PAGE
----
Owning a home through shared ownership is different to renting one or buying one outright. You do treat a shared ownership home like your own – paint, decorate and add all of your own personal touches. But if you’re thinking of having a new kitchen or bathroom, or doing other major renovations, you’ll need to check with Oxford City Council – after all, they also part-own your home!
With shared ownership you have all of the responsibilities of a homeowner. This means you’ll need to cover minor, day-to-day repairs such as changing a lightbulb, making sure the boiler is serviced or arranging repairs for your fridge, freezer or washing machine (although these usually come with manufacturers guarantees). We’ll talk you through how to use everything in your home when you move in, and provide you with a Home User Guide which explains it all as well.
Oxford City Council will contribute to paying for essential repairs, the same as if you were renting privately. Click here if you need to report a defect or a repair.
You will need to make sure you have contents insurance – building insurance is included as part of your rent.
Why do shared ownership homes have a service charge, and what does it cover?
Our shared ownership apartments have a service charge to cover the costs of maintaining the communal areas – just like any other apartment block. It could go up or down in line with inflation and the costs of living. How much the charge costs depends on the facilities at the apartments.
There may also be a service charge if you buy a shared ownership home which isn’t an apartment. Whilst you are a shared owner of a house there are administrative charges for the share that you don’t own and sometimes these homes are on a wider estate that requires looking after, ie. grass cutting and grounds maintenance.
Can I sublet a shared ownership home, or rent out a room?
Shared ownership is designed to help people on to the housing ladder in a genuinely affordable way. In Oxford we’re very careful to make sure that paying the rent, mortgage and other costs is possible (and those costs add up to less than 45% of your household income), so you should be able to manage without needing to rent out a room.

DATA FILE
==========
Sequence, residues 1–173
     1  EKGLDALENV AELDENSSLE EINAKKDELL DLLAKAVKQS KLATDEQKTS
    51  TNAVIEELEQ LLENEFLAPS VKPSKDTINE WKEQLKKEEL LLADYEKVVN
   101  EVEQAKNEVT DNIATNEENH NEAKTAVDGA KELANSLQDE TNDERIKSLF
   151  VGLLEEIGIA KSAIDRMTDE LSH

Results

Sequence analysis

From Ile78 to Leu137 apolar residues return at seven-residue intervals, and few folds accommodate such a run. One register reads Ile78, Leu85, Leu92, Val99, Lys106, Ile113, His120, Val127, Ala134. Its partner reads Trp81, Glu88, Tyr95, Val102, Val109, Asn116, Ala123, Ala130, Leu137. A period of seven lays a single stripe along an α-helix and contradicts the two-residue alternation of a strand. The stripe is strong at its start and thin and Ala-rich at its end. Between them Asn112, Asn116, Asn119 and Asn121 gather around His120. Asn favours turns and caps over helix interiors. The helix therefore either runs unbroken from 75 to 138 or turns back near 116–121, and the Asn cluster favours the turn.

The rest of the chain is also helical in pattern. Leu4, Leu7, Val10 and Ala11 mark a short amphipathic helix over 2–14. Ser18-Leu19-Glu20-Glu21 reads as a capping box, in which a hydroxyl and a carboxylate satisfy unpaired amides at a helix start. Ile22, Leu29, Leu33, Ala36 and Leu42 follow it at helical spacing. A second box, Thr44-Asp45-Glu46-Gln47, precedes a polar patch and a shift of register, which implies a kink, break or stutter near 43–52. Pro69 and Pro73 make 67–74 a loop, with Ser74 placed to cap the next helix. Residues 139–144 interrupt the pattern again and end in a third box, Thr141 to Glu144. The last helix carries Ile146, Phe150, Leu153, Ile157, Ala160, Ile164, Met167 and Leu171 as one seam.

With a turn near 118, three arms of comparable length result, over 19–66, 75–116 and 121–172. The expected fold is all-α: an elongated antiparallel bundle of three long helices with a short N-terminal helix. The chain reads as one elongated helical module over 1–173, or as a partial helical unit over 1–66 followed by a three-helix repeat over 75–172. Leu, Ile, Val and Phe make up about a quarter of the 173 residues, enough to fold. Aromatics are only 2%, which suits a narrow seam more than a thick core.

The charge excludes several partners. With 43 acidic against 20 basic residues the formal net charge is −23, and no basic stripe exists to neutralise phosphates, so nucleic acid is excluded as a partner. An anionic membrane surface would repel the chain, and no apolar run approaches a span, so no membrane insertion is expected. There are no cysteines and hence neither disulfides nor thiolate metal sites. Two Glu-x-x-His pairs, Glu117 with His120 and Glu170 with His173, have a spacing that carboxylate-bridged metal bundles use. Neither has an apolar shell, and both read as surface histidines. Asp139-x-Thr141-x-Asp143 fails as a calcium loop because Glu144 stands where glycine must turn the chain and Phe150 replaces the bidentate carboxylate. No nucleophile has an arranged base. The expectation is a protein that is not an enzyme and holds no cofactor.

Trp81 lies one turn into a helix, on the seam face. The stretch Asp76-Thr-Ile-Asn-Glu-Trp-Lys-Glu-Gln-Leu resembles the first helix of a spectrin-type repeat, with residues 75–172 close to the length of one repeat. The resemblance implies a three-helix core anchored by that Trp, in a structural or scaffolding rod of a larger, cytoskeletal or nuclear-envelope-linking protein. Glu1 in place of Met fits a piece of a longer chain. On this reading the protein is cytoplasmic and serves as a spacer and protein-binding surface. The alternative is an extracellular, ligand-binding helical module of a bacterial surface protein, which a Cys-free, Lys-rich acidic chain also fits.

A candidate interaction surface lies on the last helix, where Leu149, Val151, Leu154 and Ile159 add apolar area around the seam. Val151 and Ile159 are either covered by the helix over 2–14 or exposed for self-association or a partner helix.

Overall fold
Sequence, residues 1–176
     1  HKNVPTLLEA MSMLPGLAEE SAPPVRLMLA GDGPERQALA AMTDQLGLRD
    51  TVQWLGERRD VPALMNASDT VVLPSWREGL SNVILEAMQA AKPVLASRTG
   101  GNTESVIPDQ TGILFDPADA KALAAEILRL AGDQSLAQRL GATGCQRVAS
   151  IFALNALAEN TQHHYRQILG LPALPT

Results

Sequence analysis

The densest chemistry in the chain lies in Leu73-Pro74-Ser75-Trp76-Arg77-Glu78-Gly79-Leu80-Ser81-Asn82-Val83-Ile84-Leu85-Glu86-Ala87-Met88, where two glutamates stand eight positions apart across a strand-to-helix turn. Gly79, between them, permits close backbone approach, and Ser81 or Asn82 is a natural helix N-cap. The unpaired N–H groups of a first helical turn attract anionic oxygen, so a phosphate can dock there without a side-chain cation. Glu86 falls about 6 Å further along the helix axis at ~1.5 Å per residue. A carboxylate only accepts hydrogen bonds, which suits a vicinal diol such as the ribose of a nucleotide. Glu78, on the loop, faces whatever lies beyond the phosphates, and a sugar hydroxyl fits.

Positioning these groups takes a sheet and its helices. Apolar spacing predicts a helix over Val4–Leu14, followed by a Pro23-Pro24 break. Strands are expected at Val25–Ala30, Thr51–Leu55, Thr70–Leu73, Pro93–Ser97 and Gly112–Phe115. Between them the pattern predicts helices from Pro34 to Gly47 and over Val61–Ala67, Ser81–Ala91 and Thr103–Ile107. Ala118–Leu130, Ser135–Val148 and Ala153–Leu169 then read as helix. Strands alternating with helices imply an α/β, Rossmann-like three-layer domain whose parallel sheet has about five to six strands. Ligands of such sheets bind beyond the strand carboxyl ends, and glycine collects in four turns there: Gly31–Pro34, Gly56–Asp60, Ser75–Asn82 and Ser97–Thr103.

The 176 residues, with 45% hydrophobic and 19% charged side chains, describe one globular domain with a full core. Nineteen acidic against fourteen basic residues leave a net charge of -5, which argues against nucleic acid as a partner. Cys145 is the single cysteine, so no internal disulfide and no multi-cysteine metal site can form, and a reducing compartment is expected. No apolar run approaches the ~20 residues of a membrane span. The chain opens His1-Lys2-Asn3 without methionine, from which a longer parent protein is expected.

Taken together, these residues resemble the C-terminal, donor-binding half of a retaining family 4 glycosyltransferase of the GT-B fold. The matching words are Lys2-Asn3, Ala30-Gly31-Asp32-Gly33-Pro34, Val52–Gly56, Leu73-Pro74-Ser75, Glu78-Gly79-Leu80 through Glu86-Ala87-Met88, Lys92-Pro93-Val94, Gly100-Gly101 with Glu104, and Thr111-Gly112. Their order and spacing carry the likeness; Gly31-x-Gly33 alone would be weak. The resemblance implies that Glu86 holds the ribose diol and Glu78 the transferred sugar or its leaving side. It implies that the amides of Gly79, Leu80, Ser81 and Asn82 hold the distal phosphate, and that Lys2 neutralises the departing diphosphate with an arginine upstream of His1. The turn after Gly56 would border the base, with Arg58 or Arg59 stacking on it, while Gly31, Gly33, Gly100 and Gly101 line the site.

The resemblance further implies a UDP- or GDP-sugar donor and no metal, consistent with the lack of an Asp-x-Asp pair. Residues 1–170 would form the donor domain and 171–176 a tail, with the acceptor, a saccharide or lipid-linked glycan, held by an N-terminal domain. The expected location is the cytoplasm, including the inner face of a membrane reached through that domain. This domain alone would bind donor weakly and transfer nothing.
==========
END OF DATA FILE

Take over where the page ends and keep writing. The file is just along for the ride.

It’s fine if you want to informally rent your spare bedroom to a friend with no formal rental agreement in place. But you can’t sublet the entire home or rent out bedrooms using formal rental agreements.
Speak to us if you are considering buying a shared ownership home and want to rent out a room.
Can I buy more shares in my home?
Staircasing is the term for buying a bigger share of your home. Think of it like climbing the housing ladder! The more of your home you own, the lower your rent will be. All OX Place homes come with the option to buy a bigger share in the future if you can afford to do so. Most of our homes can eventually be bought outright, meaning you own 100% of it and will stop paying rent to Oxford City Council.
How easy is it to sell a shared ownership home in the future?
Demand for affordable homes in Oxford is many times higher than the number of homes available. So you should always be able to sell your share of your shared ownership home.
The actual sale is a little more complex than if you were selling a home you owned outright (or with a mortgage) but that’s not a barrier to people wanting to buy shared ownership homes – it wasn’t to you, was it?
Shared ownership is a great way to get on the housing ladder. It’s a government-backed scheme which allows you to buy part of a home – between 10% and 75% initially – and pay rent on the rest.
You’ll still need a deposit – but it’s low at just 5% – as well as a way to buy the share (usually a mortgage), the same as if you were buying all of a property.
In Oxford we’re careful to make sure that your total shared ownership costs (mortgage and rent) will always be less than if you were renting a like-for-like property privately. We use the money we make from selling a share to you to invest in council services and in developing more affordable homes for people in Oxford.